The Bonner Effect: How Shutting Down the Spurs’ Shooter Could Be the Key for the Grizzlies
Stopping the San Antonio Spurs offense, one of the league’s three best over the last three seasons combined, is always going to be a chore. Smart defenses can construct wonderful theoretical game plans centered on limiting the Spurs to midrange jumpers off Tony Parker pick-and-rolls by cutting off Parker around the foul line and staying home on San Antonio’s unfair army of deadly shooters. And some of those smart defenses are good enough to actually execute that kind of game plan over long stretches, or even entire games.
But the Spurs have top midrange shooters at key positions, and they are so good that over time they’re going to find cracks in even the most well-meaning team defenses. Parker and Manu Ginobili, even this aging and limited version, are brilliant ball handlers who can slice through the gut of a defense with wily crossover dribbles, tiny bits of misdirection, and pinpoint passing. The constant whirring of the Spurs system often gives them a head start by putting their defenders through all sorts of off-ball movement before Parker or Ginobili finally catch the ball in position to attack — and with their defenders off-balance and/or fatigued. And no group of NBA big men is better versed in the art of setting screens in tricky little ways that disguise which direction the Spurs’ ball handlers might jet around those picks.
All of which is to say, there will be days when the Spurs just light you up, and days when they will obliterate you if you provide them a bit of help here and there — as the Grizzlies did Sunday on at least a half-dozen really bad breakdowns. Teams can talk all they want about taking away Parker’s pick-and-roll attack, but they are never really going to take it away entirely.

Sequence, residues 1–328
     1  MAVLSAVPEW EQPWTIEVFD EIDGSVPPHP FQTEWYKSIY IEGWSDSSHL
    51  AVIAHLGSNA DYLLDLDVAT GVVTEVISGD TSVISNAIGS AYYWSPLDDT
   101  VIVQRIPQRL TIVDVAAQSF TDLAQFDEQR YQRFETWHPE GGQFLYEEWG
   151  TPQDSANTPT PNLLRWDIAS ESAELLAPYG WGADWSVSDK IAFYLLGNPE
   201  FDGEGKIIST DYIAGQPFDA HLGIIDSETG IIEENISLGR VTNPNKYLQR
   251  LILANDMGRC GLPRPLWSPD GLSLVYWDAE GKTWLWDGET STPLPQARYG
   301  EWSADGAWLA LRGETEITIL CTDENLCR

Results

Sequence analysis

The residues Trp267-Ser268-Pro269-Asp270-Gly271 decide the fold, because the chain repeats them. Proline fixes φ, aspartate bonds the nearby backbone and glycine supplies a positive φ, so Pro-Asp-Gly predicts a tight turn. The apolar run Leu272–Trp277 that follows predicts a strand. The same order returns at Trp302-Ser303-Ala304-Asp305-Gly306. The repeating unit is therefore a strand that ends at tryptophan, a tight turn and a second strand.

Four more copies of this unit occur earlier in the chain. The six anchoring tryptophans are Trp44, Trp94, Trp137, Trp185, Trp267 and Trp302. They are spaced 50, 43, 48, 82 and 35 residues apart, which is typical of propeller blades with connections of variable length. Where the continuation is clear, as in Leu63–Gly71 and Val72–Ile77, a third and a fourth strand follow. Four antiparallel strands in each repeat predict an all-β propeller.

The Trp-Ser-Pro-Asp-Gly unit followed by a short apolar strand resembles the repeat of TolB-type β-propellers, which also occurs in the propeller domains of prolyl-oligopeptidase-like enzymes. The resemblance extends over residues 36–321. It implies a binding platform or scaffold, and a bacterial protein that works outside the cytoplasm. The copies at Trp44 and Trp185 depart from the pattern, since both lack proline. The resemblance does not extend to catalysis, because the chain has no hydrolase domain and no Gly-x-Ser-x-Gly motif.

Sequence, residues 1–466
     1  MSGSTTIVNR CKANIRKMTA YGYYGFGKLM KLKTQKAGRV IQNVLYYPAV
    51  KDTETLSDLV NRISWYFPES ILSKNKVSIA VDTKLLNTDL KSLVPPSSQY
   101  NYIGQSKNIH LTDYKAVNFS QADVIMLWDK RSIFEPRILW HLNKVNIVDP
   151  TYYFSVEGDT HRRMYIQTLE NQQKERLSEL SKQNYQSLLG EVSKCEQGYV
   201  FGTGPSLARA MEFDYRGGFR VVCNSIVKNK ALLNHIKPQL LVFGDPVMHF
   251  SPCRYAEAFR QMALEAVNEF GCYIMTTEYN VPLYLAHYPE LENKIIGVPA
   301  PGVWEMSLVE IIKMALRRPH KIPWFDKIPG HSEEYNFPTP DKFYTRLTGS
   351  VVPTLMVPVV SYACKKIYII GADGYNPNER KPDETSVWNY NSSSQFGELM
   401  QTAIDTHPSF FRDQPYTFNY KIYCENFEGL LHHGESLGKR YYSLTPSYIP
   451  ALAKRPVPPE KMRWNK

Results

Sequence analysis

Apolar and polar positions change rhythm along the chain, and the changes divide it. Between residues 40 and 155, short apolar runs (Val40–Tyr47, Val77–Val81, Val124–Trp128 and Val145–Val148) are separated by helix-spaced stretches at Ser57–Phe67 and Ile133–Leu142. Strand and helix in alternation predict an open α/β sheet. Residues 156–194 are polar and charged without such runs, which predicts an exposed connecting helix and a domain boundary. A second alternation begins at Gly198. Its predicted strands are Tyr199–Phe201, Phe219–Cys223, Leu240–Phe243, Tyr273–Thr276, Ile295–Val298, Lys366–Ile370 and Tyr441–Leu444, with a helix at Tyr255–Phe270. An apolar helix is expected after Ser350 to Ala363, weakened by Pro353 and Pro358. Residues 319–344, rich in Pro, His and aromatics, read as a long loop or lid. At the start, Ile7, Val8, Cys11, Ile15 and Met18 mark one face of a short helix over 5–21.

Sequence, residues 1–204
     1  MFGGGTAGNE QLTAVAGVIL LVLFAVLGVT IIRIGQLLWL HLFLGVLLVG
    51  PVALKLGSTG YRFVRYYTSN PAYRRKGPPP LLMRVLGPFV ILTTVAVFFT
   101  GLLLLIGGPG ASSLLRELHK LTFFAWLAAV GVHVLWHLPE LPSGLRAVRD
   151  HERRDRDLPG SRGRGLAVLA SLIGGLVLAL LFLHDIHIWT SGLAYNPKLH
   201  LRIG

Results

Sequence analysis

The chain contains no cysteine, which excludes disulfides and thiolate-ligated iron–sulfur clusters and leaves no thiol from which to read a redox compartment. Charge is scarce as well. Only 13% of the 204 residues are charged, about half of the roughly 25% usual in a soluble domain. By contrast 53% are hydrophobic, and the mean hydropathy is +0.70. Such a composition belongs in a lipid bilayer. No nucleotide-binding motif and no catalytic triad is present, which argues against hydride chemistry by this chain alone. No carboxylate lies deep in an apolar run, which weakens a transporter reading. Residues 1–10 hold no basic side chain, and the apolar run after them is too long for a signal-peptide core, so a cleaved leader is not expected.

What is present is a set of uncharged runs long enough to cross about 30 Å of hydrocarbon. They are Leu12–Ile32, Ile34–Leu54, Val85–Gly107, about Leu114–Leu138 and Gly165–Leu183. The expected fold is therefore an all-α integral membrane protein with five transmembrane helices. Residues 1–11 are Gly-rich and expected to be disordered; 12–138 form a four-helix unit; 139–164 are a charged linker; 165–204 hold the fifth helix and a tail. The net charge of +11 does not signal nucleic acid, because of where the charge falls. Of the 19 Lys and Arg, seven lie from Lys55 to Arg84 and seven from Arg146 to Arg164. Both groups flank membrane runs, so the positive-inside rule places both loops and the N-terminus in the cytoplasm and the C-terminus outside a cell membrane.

But there is a key cog in the Spurs’ offense that good teams, including Memphis, can and have taken away in a literal sense: sandwich lover Matt Bonner.
Bonner is a role player; the Spurs offense can survive, and thrive, without him. But we have years’ worth of evidence now that San Antonio’s offense reaches a new level of fatality when Bonner is on the floor, and especially over the last two seasons when Bonner has been on the floor with both Ginobili and Tiago Splitter. San Antonio’s league-best offense in 2011-12 scored 105 points per 100 possessions with Bonner on the bench and 113.5 when he played, per NBA.com. The first number would have ranked fifth overall for the season — a very good scoring rate, obviously. The second was an insane five points above the Spurs’ league-best average, which is to say it was somewhere in another NBA stratosphere, where New Hampshire is the greatest state in the world and the basketballs taste like roast beef sandwiches (Bonner’s favorite). The Bonner Effect hasn’t always been so dramatic — it essentially didn’t exist during this regular season — but it has returned for this season’s playoffs so far and was very robust in 2010-11, per NBA.com.
Bonner adds positive variance to the Spurs’ humming machine. He is the one link between perfect floor spacing in a traditional “big” lineup and true small ball — a route the Spurs are probably cautious about taking against the burly Grizz. He raises the ceiling. A San Antonio team that can raise its offensive ceiling is very, very hard to beat four times in seven tries, and the teams that have eliminated the Spurs over the last two seasons, or at least stressed them out a bit (i.e., this season’s Warriors), have done so in part by nearly vaporizing Bonner from the rotation entirely.
They did that in a variety of ways. Bonner made just two 3-point shots in six games against Golden State in the conference semifinals, and he logged less than seven minutes in each of the last four of those games. The Warriors really had two ideal solutions on hand to thwart Bonner. They used Draymond Green as something like a Bonner stopper — a smallish power forward comfortable tracking Bonner around the 3-point arc and switching onto San Antonio guards when they ran pick-and-pops with Bonner. Switching like that takes away Bonner’s open looks on the “pop” part of those plays, since he only gets those looks if his defender leaves to trap Ginobili or Parker.
The Warriors paid the price a few times for that strategy, with Ginobili cruising by Green for layups. But Green held his own, and the Warriors were happy with the tradeoff if it meant eliminating Bonner. Doing so was even easier when the Warriors went super-small, with Harrison Barnes at power forward, since switching Barnes from Bonner onto San Antonio’s ball handlers carried even less danger than doing so with Green.